A Brief History of Time by Stephen Hawking

You think, “Great, I understand this. I got this. I can understand Stephen Hawking, damn I’m smart!”. It is a false hope.

3/5 stars.
ebook, 280 pages
Read from September 26, 2018 to October 5, 2018.

Stephen Hawking was a brilliant man, I don’t think there are many that can deny that (well, maybe a few religious fundamentalists). All over the world, the science community mourned the loss of Hawking this last spring when his struggles with ALS came to an end. Hawking made powerful contributions to the realms of physics, he was also an accomplished author and was one of the most recognizable faces of a modern-day genius. After his passing, I meant to finally read one of his books and while it’s a bit delayed I did finally manage to. I clearly did not know what I was getting into.

Despite being an English major, I have always enjoyed the sciences. That is, except for physics because I fucking suck at it. That doesn’t mean that I’m not interested in the questions that physicists have, it’s that my brain isn’t capable of doing the equations to solve them. I’m still interested in the process and the conclusion, just when someone else does them and then I can read about it later. Having said that, this book was by no means a cakewalk and I would be lying if I said I understood it all. The first part of the book gently sucks you in as the content feels like a nice refresher on high-school level physics. You think, “Great, I understand this. I got this. I can understand Stephen Hawking, damn I’m smart!”. It is a false hope. sh I do not know the target audience that Hawking was aiming for as some parts of this book break down the concepts so well that any beginner can grasp them but the once the quantum physics comes in and Hawkings starts talking about black holes, he just assumes that his brief intro to physics basics will be enough to understand the hard concepts and theories he then elaborates on for the rest of the novel.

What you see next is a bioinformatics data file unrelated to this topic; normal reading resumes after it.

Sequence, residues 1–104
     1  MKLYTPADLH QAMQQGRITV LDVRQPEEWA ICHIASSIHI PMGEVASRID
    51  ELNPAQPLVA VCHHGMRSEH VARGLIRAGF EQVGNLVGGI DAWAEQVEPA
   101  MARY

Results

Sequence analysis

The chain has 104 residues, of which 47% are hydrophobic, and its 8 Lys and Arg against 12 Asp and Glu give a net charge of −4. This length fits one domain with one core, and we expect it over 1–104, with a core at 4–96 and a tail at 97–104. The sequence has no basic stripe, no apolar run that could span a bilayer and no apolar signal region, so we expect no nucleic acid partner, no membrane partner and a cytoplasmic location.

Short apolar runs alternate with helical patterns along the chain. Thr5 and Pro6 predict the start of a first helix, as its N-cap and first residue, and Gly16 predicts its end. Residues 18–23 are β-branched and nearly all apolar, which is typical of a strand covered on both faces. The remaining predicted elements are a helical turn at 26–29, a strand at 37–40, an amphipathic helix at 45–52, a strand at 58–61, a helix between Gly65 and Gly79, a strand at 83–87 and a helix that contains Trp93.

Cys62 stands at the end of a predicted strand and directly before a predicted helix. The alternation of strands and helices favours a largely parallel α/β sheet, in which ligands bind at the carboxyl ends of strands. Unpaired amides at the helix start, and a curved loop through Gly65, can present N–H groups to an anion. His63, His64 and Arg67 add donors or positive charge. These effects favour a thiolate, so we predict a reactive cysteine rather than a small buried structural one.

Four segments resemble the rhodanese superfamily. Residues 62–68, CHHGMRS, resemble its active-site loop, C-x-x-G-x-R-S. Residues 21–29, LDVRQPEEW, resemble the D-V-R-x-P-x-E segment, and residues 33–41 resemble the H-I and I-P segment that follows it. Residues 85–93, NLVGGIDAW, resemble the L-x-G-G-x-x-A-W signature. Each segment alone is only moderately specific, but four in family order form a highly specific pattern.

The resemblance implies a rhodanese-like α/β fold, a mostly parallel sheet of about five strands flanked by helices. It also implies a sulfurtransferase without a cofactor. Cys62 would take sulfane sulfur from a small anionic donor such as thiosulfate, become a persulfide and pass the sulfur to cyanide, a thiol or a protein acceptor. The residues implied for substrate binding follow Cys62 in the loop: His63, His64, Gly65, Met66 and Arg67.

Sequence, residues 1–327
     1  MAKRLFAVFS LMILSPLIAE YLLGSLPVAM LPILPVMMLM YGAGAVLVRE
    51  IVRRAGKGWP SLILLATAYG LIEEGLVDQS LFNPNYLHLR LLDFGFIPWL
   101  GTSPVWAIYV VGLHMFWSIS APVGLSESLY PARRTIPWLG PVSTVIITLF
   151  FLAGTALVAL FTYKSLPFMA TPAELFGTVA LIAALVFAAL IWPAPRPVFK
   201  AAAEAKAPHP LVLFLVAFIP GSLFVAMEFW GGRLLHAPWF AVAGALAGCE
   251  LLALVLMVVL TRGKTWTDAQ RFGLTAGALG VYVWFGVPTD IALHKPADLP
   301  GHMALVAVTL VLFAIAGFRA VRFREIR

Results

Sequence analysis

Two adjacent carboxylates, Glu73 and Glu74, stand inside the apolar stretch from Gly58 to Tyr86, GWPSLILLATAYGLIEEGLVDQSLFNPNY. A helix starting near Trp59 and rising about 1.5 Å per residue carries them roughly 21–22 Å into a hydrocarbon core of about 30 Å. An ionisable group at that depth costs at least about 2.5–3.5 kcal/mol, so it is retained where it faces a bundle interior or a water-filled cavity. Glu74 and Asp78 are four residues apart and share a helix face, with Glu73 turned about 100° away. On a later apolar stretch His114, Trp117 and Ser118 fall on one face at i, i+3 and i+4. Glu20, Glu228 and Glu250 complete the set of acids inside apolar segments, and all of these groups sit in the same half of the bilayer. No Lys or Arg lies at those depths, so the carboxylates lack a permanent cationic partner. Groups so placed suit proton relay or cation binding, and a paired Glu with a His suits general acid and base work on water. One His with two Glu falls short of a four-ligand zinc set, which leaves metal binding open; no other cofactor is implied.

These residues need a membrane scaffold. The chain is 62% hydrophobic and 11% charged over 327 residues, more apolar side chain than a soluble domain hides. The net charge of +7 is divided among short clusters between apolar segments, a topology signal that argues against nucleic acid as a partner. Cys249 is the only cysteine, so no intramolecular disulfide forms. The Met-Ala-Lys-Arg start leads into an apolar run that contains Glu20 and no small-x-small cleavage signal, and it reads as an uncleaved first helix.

Would I say this book is enjoyable? Not really. Is it worth reading? Yes. Is it important? Yes. Despite its challenges this book is probably as simple as these complex concepts are going to get and it’s mind-blowing to look at our world, space and the universe from this perspective.

“I am just a child who has never grown up. I still keep asking these ‘how’ and ‘why’ questions. Occasionally, I find an answer.”